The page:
An Unexpected Visit To Hopewell Furnace National Historic Site
Last Sunday I decided to explore the French Creek State Park situated on the border of Berks and Chester Counties in Southeastern Pennsylvania. I made no plans and just parked along a trail on the park entrance road. It was a warm and sunny Spring day. I was enjoying my hike on what I learned was the Boone Trail. I followed the trail and came upon scenic Hopewell Lake.
Near the lake I found a couple of trails. Having no idea where the trails will take me I followed one that was lined with pretty pink native redbud trees. I now think I was on the Lenape Trail. After walking a couple hundred yards I came to this placard welcoming me to the Hopewell Furnace National Historic Site.
There were old ruins, a beautiful old house, barns and many other structures, Unfortunately the site was closed because of the COVID pandemic but I learned a lot about the colonial and early American iron industry roaming around the grounds and reading the informative historic placards on display.
I learned this site was chosen for the iron furnace in 1771 by Mark Bird because of surrounding vast chestnut forest. The chestnut wood was converted into charcoal used in the iron making process. Limestone and iron ore were also required and both were available in close proximity to this location. There were exhibits explaining the entire process of early iron production. I entered the historic site near the exhibits that explained and reconstructed charcoal production.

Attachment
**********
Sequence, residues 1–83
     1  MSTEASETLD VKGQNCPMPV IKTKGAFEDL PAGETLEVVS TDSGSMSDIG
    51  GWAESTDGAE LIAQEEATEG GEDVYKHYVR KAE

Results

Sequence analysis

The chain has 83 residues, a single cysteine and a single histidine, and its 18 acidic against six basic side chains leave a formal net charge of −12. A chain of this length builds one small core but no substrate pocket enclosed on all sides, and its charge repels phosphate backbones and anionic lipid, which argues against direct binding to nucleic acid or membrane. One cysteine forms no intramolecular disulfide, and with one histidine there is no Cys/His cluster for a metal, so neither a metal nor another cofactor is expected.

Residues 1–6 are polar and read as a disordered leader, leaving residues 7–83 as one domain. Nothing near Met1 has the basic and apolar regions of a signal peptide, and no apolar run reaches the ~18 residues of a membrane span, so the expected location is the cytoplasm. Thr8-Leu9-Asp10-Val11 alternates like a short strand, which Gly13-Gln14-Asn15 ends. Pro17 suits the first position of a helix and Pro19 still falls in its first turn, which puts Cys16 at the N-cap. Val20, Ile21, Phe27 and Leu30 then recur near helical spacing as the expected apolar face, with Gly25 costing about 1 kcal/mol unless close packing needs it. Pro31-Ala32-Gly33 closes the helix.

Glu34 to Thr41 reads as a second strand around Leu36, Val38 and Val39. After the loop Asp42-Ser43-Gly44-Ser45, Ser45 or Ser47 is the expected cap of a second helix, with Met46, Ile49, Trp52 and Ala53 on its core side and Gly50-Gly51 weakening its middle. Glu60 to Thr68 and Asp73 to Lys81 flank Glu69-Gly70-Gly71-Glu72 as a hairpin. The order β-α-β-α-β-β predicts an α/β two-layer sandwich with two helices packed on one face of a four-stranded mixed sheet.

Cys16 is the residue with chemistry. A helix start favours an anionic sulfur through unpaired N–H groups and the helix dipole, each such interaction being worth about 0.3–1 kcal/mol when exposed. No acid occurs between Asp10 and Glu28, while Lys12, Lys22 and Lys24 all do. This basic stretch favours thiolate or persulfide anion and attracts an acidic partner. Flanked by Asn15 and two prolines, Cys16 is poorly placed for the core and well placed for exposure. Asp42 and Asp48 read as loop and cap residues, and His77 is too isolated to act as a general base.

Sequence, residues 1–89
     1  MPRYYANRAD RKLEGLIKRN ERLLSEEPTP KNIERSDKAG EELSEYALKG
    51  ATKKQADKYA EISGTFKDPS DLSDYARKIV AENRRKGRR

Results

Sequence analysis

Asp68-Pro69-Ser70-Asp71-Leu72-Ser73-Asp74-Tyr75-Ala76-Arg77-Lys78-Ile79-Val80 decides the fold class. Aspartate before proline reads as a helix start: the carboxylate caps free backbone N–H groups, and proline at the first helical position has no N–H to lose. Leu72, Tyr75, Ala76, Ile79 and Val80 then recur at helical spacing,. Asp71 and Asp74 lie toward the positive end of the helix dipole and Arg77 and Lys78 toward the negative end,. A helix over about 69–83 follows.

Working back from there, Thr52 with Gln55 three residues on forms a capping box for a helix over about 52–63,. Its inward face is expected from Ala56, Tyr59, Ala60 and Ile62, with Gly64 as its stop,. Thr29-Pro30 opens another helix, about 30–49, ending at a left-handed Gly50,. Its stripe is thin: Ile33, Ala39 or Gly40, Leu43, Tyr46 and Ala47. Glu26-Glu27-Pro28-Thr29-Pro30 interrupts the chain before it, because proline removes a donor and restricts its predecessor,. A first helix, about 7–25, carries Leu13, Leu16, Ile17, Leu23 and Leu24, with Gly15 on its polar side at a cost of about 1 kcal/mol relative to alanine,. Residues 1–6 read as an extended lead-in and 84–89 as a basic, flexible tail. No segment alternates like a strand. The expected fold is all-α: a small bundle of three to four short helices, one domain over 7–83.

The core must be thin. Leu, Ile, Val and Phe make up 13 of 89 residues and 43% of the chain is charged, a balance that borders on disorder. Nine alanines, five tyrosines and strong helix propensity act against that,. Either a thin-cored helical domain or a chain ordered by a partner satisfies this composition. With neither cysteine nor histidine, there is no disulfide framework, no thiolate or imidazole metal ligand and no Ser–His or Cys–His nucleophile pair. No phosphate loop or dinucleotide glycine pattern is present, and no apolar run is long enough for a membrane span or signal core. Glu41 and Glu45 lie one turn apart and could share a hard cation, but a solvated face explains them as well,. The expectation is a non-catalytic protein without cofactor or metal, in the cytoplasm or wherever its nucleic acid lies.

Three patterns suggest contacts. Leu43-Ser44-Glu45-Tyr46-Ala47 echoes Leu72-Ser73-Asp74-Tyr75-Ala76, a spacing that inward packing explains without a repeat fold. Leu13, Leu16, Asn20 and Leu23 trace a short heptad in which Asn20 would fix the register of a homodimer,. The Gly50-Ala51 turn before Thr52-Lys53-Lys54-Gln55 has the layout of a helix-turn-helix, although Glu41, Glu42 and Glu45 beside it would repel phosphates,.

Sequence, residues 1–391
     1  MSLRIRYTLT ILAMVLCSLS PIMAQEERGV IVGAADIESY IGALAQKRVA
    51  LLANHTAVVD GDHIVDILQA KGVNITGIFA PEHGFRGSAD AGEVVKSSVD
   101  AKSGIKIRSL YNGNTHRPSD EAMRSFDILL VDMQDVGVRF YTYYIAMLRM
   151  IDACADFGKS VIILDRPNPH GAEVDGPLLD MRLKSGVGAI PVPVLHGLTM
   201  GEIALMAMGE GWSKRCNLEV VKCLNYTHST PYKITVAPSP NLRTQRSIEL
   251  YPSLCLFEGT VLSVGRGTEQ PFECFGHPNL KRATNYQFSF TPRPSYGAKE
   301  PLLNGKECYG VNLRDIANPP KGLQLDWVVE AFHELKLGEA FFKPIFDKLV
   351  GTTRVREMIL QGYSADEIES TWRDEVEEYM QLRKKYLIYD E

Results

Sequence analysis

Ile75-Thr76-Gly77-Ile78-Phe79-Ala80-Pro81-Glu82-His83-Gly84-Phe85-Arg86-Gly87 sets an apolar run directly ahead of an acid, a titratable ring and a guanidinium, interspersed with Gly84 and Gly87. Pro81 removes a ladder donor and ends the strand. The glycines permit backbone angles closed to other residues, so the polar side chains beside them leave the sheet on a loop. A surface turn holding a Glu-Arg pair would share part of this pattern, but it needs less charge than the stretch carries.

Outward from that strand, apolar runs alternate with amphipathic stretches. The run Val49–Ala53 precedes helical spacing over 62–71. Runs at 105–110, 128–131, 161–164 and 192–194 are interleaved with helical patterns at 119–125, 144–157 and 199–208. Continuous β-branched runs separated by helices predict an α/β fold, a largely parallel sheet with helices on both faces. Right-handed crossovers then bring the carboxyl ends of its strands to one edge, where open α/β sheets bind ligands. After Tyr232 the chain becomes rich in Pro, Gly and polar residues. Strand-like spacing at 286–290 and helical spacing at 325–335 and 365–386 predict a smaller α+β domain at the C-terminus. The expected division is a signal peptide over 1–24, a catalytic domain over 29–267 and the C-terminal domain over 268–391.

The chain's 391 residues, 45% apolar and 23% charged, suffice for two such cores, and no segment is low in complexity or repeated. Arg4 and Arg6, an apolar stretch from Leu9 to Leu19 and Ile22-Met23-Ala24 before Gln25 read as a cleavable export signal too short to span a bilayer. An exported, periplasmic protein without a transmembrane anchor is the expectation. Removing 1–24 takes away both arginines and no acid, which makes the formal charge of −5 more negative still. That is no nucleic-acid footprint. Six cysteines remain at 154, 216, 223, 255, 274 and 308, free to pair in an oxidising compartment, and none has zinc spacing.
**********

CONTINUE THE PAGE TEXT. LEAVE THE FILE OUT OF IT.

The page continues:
This site was also chosen because it was located on French Creek which supplied the running water needed tp run the machinery and to produce the iron. At first the iron was used to make iron stoves for the early American colonist.
During the Revolutionary war the iron furnace produced ammunition for General Washington’s troops. A few of the buildings were open and I was able to enter them. I imagined the hustle and bustle that must have occurred when the furnace was in operation.
Across from the casting house was the ironmasters mansion. It was surrounded by old large trees. I again imagined the many event that would be hosted here. Summer picnics and Christmas parties attended by many of the families responsible for the founding of out Nation. I was enjoying my unexpected visit.
Next to the ironmasters house was a large barn which I learned was part of an active colonial iron plantation. . When the historic site is open, performances of the iron production and farming methods used in colonial times are re-enacted.
I was the only one present at the historic site . It was a peaceful and pastoral scene. A flock of sheep , with the the young lambs following their mothers, crossed the fields and headed toward the barn.
It was a most welcome unexpected experience, to experience not only the beauty of this natural scene but to be learn so much about our Nation’s history. I promised myself I will return soon .Here is a link to a gallery with some more photographs from my unexpected visit to Hopewell Furnace. Hopewell Furnace May 2 2021,
“There is nothing so American as our national parks…. The fundamental idea behind the parks…is that the country belongs to the people, that it is in process of making for the enrichment of the lives of all of us.” Franklin D. Roosevelt